Any questions?


Things That Are Only What They Are Cause They are Part of Something Else

At least some things only are what they are because they are part of something else. So a heart is just a heart because it is part of a circulatory system, a moon is just a moon because it orbits a planet, a Mommy is just a Mommy because she has one or more children. So too with more personal items — lust is only lust because it impels us to copulation, the thought of cherries is only the thought of cherries because it is in interaction with cherries, your memory of Charleston in the spring is only a memory of Charleston in the spring if you acquired it in Charleston in the spring.

Your power to control your fate is therefore more and less than you might think. Less because whether you are a genius or a madman, a brave soldier or a murderer, may depend upon the future reception of your actions. More because you may create the future context in which your current life is what it is.

A prophet creates his own people.



If I’m Julius Caesar’s Dad and I am attracted to a girl, my attraction is the future Roman Dictator stirring to existence. If I’m Marcel Proust and I notice that the taste of a cookie brings my past rushing back into my consciousness, that mental event is my future book “In Search of Lost Time” groping towards existence. In both of these cases we have reverse causality — a future event is causing something in the present. It’s weird, but that’s the way it is.


Religious People Commit a Lot of Murders Therefore Let’s Stop Being Religious

This is a fallacious argument. The reason religious people kill people is because they care deeply about their religion, or more often, they care deeply about the things their religion encourages them to care about. Anybody who cares deeply enough about something is willing to take strong steps to defend it, and in a pinch, they will kill people. Look at people who care deeply about their country. Look at people who care deeply about their sweetheart. You could definitely lower the numbers of deliberate killings if you got rid of romantic love — there would be no more killing due to jealousy. But would it be worth it?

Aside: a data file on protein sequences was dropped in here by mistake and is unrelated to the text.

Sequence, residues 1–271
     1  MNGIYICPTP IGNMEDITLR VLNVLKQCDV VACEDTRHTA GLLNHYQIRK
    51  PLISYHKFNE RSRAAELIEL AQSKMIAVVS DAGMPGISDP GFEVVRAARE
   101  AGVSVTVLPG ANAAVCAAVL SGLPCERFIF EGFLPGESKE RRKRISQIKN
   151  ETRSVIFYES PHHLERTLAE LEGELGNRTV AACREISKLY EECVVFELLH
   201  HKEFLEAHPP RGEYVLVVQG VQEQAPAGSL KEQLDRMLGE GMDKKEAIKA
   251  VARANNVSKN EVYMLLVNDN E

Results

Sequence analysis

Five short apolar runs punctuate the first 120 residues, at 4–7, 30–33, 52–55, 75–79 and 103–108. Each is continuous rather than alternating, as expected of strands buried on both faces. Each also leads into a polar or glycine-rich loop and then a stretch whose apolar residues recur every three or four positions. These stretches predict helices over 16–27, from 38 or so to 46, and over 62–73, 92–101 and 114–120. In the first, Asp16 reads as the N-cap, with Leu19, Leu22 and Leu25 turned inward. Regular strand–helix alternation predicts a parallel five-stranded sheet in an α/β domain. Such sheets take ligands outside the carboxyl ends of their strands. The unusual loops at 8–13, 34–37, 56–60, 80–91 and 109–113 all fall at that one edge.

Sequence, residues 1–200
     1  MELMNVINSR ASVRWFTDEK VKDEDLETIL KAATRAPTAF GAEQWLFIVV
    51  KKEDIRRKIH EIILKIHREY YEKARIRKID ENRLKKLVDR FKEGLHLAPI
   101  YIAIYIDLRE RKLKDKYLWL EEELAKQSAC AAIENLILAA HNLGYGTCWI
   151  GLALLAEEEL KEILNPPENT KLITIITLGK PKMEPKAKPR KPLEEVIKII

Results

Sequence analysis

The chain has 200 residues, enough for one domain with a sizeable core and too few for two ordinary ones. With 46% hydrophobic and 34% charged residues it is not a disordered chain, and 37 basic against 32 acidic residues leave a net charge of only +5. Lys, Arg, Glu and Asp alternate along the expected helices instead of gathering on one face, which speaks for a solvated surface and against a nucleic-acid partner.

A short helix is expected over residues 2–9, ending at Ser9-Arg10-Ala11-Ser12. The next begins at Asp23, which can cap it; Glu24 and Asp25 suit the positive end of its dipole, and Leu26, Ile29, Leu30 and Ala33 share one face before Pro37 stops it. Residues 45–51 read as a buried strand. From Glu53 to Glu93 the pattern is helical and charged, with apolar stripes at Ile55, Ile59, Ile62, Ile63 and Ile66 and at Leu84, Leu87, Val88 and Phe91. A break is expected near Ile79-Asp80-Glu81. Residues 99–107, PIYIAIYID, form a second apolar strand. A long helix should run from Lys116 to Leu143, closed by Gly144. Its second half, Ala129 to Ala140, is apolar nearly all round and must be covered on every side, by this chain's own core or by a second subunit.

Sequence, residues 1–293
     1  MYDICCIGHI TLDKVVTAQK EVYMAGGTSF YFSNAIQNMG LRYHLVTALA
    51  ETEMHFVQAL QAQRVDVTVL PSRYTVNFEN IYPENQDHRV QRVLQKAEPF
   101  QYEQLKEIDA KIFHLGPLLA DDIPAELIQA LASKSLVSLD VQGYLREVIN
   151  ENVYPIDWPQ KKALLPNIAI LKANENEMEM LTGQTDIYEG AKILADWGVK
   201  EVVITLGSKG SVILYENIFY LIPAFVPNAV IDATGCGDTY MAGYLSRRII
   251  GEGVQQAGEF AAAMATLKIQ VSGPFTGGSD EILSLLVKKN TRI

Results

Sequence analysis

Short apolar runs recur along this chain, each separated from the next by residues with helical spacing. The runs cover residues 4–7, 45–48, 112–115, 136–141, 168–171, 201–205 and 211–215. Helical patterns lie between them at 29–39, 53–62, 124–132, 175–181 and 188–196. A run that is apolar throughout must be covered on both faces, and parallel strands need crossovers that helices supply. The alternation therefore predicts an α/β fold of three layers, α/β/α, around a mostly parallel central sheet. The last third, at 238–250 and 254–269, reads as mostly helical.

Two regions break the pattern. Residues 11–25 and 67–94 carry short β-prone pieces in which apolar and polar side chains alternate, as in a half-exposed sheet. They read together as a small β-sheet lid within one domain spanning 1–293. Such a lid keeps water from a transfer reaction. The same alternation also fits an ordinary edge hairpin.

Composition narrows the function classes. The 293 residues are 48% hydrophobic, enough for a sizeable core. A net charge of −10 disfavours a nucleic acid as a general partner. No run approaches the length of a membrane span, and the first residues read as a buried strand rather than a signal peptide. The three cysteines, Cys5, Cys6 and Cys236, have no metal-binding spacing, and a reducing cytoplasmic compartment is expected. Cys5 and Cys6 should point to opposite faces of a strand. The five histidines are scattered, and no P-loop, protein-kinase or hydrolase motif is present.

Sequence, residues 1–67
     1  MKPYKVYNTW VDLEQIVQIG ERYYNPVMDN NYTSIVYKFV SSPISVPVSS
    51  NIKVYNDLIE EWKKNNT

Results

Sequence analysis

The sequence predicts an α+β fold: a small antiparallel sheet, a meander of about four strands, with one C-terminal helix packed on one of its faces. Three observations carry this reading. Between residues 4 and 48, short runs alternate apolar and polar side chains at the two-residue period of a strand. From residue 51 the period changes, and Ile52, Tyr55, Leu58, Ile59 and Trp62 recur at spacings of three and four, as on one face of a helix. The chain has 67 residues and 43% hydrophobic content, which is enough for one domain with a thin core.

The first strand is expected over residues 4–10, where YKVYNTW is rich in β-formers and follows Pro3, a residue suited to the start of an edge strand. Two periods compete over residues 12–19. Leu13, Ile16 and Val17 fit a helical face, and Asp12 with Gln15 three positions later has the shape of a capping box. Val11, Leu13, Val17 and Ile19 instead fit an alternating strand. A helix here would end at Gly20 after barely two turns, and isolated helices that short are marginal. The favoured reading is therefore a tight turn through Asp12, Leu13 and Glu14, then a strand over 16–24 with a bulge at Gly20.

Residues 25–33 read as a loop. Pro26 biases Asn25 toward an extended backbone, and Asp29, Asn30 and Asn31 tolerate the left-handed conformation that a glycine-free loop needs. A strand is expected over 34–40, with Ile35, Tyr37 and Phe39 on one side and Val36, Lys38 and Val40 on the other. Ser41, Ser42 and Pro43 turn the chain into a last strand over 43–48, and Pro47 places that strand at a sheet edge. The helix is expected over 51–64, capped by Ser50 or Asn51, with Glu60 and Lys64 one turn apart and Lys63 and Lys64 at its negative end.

The world would be a safe place if nobody cared passionately about anything. But would it be better?

It’s a serious question, but I’m not sure how to decide it. You could definitely tally up all the bad things that result from caring passionately about things, but if nobody cared strongly about that list, then it would not convince them.


Existential Boot Camp

In discussions to start an existential boot camp, that prepares people to tackle the rigors of a purposeful meaningful existence with the focussed intensity that boot camp prepares soldiers for killing.

Some say that life is already such a boot camp. To them my response is “DROP AND GIVE ME TWENTY!”


Can You Harm the Dead? Can You Help the Dead?

“When I die let the world be destroyed by fire — I do not care, I will be safe.”

versus the desire to have our wishes enacted by the execution of a “Last Will and Testament”.

CHESTERTON writes that conservatism is the widest form of democracy as it gives a vote to the dead as well as the living.

Yet I have heard that the law deliberately trammels the hands of the dead.

“I leave my fortune to my heirs on the condition that my daughters-in-laws, grand-daughters-in-laws, great-grand-daughters-in-laws and so on to perpetuity be required to squat naked above a camera and place the resulting photograph of their hind parts upon my GRAVE; if this requirement is not followed in minute particulars as instructed in these codicils then my entire fortune I leave to the establishment and maintaining of a discotheque for cats.” says the dead man.

“Tough luck, pervert.” says The Law.